Jerome Sans with The Unknown Shimmering at the Edge of the World. Photo by Chiu-Ti Jansen.
BEIJING - "YOU are so GREEN!"—exclaimed Uli Sigg when he bumped into me wearing a vibrant jade green down jacket at the preview of a new show featuring China’s young artists at the Ullens Center for Contemporary Art (UCCA) in mid-January. Uli (among his many titles, former Swiss Ambassador to China) is, along with Baron Guy Ullens who endowed the UCCA in Beijing, one of the earliest and most influential collectors of contemporary Chinese art with more than 2,000 artworks (and growing) in his collection. Although Uli and Baron Ullens started collecting Zhang Xiaogang, Wang Guangyi, Fang Lijun, Zeng Fanzhi and the like way before they became museum staples and auction darlings, their thirst for discovering young talents remains unquenchable.
Uli Sigg (right) at the Ullens Center.
ON includes 50 artists who were born after 1976, an unspoken reference to the end of the Cultural Revolution (1966-1976). The end of the Cultural Revolution meant these artists were spared disruption in their education and had access to information about Western art history, a luxury not available to the artists from just a generation earlier. Toggling between "ON" and "OFF," metaphorically referring to the two mutually interdependent modes of the interface of a VPN (virtual private network), these artists have made their experience of living simultaneously between Chinese academic training and the Western art world the theoretical underpinning of their artistic creation. They are much more conscious of their multi-faceted modes of productions or artistic practices, ready to take on the fluidity of eclectically moving among multiple media and methodologies without much angst over which value system or which medium is more "quintessentially Chinese." OFF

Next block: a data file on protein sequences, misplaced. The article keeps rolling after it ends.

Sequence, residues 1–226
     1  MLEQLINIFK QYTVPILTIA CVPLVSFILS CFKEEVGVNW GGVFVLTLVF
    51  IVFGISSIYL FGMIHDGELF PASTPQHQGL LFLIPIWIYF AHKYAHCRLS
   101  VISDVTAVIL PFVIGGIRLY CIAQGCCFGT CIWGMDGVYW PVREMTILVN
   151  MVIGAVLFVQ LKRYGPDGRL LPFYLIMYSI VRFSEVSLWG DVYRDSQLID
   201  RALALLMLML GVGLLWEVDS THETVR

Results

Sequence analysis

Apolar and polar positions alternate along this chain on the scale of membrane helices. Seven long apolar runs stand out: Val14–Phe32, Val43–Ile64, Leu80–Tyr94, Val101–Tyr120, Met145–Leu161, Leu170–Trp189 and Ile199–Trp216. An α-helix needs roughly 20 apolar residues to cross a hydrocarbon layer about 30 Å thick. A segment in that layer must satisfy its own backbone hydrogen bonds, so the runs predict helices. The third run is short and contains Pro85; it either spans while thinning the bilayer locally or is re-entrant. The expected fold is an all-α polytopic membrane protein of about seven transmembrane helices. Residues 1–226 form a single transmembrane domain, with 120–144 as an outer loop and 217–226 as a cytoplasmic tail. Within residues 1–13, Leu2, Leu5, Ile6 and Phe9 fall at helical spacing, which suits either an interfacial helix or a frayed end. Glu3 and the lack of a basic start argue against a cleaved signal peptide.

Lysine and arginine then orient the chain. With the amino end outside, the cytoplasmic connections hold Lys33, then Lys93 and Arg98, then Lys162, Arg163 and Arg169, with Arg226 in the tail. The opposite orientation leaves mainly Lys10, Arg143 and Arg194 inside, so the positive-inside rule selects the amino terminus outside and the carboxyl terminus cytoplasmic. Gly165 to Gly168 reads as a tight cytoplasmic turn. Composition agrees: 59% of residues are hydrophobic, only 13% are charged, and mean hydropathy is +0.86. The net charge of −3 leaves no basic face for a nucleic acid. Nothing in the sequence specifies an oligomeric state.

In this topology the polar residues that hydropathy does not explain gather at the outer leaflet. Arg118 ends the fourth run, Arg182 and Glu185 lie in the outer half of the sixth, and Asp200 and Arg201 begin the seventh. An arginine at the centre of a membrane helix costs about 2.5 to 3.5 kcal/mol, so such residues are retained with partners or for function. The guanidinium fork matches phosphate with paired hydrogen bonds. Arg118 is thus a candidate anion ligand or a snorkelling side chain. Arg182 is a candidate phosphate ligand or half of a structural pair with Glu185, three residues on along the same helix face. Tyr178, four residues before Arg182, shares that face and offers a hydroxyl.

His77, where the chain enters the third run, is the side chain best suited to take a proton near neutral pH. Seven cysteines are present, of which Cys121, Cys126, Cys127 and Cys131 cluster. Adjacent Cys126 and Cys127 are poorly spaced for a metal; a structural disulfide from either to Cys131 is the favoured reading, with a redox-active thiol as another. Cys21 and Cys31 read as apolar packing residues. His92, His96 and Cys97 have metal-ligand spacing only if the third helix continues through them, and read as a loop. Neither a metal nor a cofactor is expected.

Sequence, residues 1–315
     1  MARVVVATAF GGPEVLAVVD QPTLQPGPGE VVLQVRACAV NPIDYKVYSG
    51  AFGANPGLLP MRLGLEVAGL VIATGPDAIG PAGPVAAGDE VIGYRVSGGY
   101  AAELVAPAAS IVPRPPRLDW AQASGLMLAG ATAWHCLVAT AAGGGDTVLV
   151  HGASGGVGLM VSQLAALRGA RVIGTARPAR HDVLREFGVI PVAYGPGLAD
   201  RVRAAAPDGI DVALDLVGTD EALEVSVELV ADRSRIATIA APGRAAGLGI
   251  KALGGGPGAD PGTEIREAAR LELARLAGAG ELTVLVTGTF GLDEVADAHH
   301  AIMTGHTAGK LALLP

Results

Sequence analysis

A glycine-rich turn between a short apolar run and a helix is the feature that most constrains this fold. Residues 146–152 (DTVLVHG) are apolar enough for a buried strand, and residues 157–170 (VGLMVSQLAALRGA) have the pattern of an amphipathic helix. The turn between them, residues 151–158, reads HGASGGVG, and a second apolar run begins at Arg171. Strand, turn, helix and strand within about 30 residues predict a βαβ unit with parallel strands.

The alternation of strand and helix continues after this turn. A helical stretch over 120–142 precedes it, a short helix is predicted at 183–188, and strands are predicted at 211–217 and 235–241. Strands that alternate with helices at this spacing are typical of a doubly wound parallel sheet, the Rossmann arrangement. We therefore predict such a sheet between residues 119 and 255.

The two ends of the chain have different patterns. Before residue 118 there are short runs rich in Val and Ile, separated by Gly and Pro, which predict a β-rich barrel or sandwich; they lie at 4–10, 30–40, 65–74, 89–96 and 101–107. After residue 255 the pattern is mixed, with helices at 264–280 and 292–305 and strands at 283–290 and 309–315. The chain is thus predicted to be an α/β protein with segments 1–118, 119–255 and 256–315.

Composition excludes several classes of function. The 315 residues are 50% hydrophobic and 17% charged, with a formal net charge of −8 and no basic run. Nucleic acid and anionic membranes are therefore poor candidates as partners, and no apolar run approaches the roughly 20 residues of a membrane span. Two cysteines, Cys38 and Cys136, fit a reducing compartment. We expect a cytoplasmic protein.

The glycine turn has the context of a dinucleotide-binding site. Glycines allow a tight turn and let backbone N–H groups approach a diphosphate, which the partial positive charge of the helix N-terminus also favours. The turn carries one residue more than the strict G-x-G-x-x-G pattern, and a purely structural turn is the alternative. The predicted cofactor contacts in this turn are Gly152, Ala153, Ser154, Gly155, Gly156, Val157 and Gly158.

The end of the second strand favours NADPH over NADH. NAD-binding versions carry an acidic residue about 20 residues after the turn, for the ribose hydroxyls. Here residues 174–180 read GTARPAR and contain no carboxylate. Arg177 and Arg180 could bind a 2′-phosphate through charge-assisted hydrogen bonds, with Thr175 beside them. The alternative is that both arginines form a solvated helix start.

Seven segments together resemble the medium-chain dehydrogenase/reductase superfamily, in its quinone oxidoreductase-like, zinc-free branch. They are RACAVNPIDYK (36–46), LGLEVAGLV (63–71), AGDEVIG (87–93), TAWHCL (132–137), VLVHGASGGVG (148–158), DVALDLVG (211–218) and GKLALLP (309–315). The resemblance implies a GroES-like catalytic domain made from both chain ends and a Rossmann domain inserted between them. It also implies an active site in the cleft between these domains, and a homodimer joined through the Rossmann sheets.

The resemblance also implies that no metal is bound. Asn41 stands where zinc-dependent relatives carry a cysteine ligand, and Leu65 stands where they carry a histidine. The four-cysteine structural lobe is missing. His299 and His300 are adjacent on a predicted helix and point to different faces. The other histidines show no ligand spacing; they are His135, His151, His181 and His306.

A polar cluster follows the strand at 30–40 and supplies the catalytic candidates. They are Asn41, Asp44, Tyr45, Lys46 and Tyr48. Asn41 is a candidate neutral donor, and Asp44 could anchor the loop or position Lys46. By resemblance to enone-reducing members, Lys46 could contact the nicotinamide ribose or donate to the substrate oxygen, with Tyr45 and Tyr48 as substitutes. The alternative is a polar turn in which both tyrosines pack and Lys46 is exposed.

Sporting a tailor-made coral-peach wool suit, UCCA’s Art Director Phil Tinari explained to me that he commissioned this show shortly after he took over the stewardship of the center a year ago. It was gratifying for him to see it come to fruition. While we were chatting, an audio device clipped to Phil's jacket intermittently shouted out in Mandarin: “Jin Tian Wu Shi Fa Sheng” (Nothing happens today)! The voice was a moving extension of Li Ming's multi-screen display of the same theme, including a zeppelin inscribed in Chinese with the slogan. As Phil circled the exhibition halls to greet throngs of stylishly dressed international and Chinese elites, the existential pronouncement about a "non-event" became an artistic event that interacts and intersects the other art projects on display.
Phil Tinari and I at the UCCA exhibition.
I then saw Jérôme Sans, a French curator/artist who was UCCA’s inaugural Director—as always, impeccably dressed in his signature style to show off his trendy thin legs. When asked about a good backdrop for a photo call, without spending a second to ponder, he immediately took me to Li Shurui's acrylic painting with a pseudo-digital shimmering effect—The Unknown Shimmering at the Edge of the World.
Leng Lin, an art-critic-extraordinaire-turned-galleriest-extraordinaire and President of Pace Beijing, thought he was using his phone to shield his face from a paparazzo when I raised my camera. After he realized it was me, he looked at the picture I took and smiled: “That's a good one!” Leng Lin, along with Waling Boers of Boers-Li Gallery and Tian Yuan of White Space Gallery, who also attended the opening, each has four or five artists represented at the show. Even though these young artists do not flag Political Pop, Cynical Realism or Mao icons, signifiers that have become indelibly associated with the Chinese elements in contemporary Chinese art, the attention generated by the show is a testament to the everlasting desire to search for new talents.
January 13, 2013 - April 14, 2013
Ullens Center for Contemporary Art (UCCA)
798 Art District, No. 4 Jiuxianqiao Lu